The Commission on Human Rights defined human rights with the conception of the UDHR. By fusing dignity, fairness, equality, respect, and independence, the UN defines human rights as:

rights inherent to all human beings, regardless of race, sex, nationality, ethnicity, language, religion, or any other status. Human rights include the right to life and liberty, freedom from slavery and torture, freedom of opinion and expression, the right to work and education, and many more.  Everyone is entitled to these rights, without discrimination.

Human rights are the cross-cutting theme within every UN agency. They have inspired the UN’s Sustainable Development Goals (SDGs), which are goals to “provide peace and prosperity for people and the planet, now and into the future.” These planet-, urbanization-, and group-focused goals substantially contribute to the realization of human rights, as the human rights-based approach to development stipulates development is conducive to the promotion of human rights.  In the ideal sense, human rights are a guiding force toward living in global harmony, and through the promotion of the basic rights bestowed by the UDHR, the world has made strides toward achieving that harmony.

 

Give Me Your Tired, Your Poor: The U.S. Refugee Crisis

On Monday, November 12, the Institute for Human Rights co-sponsored an event with local education, faith-based, and law organizations at Birmingham-Southern College (BSC), titled Addressing the Global Refugee Crisis – Part 2: Focus on the United States. The panel discussion, moderated by Anne Ledvina ( Associate Director at BSC – Ellie and Herb Sklenar Center for International Programs), included Yanira Arias (Campaign Manager at Alianza Americas), April Jackson-McLennan (Attorney at The Law Office of John Charles Bell, L.L.C.), Sarai Portillo (Executive Director at Alabama Coalition for Immigrant Justice), Roshell Rosales (Member at Adelante Alabama Worker Center), and Jessica Vosburgh (Executive Director at Adelante Alabama Worker Center), addressing the Central American migrant caravan, definitions of immigration law, and Alabama’s role in the current refugee crisis.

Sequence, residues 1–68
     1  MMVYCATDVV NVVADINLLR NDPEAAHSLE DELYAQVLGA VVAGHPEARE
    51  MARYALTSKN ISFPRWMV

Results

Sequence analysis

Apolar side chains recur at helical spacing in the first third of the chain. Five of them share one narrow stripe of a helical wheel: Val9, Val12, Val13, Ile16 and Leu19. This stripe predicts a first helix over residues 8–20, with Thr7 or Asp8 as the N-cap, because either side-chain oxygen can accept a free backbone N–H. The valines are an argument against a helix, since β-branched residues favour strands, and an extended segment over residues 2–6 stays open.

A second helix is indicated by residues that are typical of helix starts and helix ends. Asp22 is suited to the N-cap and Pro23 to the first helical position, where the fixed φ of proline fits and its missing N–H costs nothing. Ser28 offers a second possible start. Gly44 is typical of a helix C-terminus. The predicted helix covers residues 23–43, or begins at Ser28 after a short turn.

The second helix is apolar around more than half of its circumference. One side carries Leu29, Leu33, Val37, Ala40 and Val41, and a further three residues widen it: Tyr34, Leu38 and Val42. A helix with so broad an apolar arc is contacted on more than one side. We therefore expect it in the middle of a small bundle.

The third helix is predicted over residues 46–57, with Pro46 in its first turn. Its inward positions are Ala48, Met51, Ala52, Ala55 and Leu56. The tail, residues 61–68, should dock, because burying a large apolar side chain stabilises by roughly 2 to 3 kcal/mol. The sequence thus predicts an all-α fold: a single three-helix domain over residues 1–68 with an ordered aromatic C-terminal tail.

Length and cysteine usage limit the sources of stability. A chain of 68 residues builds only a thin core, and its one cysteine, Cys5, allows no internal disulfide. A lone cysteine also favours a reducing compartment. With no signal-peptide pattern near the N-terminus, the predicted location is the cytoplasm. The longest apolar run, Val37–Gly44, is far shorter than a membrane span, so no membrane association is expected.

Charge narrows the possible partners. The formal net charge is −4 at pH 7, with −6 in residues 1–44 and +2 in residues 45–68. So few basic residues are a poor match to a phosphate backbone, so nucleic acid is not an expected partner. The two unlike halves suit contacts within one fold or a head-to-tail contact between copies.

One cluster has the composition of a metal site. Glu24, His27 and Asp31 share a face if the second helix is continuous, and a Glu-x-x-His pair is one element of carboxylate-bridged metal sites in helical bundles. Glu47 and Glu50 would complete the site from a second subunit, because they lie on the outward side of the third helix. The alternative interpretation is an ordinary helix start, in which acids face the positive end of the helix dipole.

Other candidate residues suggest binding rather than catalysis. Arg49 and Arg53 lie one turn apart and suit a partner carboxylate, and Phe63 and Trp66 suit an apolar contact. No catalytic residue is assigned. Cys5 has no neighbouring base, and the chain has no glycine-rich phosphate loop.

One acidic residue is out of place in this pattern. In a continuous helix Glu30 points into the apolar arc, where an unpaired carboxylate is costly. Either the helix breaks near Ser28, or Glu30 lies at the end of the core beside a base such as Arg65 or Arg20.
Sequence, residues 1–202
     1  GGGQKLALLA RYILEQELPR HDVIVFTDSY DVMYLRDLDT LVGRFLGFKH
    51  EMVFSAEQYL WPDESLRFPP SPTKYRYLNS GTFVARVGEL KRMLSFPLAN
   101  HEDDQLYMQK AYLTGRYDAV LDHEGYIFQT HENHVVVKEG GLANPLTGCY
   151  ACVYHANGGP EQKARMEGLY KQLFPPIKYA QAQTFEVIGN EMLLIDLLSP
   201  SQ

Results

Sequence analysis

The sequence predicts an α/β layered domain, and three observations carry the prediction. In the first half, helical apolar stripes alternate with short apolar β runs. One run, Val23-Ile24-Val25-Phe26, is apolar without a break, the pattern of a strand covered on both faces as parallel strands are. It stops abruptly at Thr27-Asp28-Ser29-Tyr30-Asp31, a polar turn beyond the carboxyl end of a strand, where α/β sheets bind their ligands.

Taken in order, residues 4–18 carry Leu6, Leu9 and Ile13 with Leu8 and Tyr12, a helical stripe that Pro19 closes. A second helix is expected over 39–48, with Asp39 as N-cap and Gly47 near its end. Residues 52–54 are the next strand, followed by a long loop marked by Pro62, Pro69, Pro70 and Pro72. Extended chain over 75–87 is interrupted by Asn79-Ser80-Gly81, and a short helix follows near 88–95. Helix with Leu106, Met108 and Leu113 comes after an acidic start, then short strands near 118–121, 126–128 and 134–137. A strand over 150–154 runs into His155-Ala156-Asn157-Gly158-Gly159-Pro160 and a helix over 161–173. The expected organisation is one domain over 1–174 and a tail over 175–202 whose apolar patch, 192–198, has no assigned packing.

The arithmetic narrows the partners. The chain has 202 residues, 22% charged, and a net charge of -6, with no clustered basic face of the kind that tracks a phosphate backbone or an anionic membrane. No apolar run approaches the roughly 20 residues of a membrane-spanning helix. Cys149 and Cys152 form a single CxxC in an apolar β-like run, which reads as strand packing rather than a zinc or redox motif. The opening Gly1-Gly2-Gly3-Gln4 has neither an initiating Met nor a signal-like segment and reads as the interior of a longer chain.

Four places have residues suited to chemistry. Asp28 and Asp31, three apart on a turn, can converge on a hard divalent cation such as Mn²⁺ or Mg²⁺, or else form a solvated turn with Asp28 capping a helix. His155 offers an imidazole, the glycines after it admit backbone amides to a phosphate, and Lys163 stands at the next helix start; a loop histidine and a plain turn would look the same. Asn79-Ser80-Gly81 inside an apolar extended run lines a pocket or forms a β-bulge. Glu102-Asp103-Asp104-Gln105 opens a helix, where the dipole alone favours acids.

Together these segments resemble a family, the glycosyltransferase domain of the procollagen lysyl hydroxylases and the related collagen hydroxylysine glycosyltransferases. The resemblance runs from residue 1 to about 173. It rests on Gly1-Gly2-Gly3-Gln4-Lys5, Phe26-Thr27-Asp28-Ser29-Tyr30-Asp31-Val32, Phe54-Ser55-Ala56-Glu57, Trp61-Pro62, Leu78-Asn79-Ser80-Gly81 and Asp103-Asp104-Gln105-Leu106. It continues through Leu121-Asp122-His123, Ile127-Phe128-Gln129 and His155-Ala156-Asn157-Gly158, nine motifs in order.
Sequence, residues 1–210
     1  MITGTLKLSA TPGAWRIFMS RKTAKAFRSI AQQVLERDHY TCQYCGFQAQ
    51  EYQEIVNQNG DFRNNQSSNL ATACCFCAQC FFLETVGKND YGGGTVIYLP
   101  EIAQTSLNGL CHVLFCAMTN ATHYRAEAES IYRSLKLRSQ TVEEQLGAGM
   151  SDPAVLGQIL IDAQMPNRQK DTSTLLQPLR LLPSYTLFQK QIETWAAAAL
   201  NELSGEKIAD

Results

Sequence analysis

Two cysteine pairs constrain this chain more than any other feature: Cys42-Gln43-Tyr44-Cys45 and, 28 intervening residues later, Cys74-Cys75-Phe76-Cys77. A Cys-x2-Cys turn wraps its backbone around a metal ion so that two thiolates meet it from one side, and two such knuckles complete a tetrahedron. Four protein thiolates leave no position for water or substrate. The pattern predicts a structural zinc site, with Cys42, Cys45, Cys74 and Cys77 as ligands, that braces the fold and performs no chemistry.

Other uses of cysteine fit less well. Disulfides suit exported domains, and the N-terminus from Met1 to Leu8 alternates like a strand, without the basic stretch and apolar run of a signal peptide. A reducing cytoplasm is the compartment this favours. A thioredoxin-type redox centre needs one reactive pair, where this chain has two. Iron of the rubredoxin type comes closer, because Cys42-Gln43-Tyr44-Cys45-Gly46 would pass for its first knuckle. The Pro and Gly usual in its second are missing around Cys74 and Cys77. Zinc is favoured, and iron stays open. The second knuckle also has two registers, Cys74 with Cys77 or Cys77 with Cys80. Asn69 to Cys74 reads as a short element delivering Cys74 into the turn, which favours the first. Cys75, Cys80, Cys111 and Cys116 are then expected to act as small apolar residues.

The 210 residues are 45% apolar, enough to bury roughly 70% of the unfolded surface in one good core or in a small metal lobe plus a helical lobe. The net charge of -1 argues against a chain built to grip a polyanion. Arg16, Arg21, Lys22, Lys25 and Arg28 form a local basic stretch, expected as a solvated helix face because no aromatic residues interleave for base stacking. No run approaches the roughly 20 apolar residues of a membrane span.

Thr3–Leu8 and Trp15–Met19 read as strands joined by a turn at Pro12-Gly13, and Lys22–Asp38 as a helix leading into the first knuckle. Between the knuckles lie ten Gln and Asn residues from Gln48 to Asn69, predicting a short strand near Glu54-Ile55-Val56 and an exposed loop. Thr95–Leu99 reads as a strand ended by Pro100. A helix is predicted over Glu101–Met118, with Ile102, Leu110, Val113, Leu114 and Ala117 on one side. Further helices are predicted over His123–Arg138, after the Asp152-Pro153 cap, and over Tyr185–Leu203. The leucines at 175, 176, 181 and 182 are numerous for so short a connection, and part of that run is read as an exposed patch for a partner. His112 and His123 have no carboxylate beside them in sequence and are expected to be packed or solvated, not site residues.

From left to right: Anne Ledvina, Jessica Vosburgh, Roshell Rosales, and April Jackson-MacLennan pictured on the discussion panel. Source: UAB Institute for Human Rights

Arias and Portillo first addressed the audience by speaking about the recent events in Mexico City where many Central American caravan refugees were staying in a stadium serving as a makeshift camp. Here, many tenants camped on the field or slept on the bleachers, received medical attention and waited in line for basic resources, such as water, that had limited availability. Not only does Portillo assist migrants in her birthplace of Mexico but heads the Alabama Coalition for Immigrant Justice (ACIJ), a grassroots network of six non-profit organizations and various individuals dedicated to protecting and advancing immigrant rights by developing leadership, aligning with other justice causes, encouraging civil participation, and advocating for just policies. Arias’ organization, Alianza Americas, which is a national network serving Latino communities, is currently facilitating donations for Central American caravan refugees through the Refuge for Families Campaign.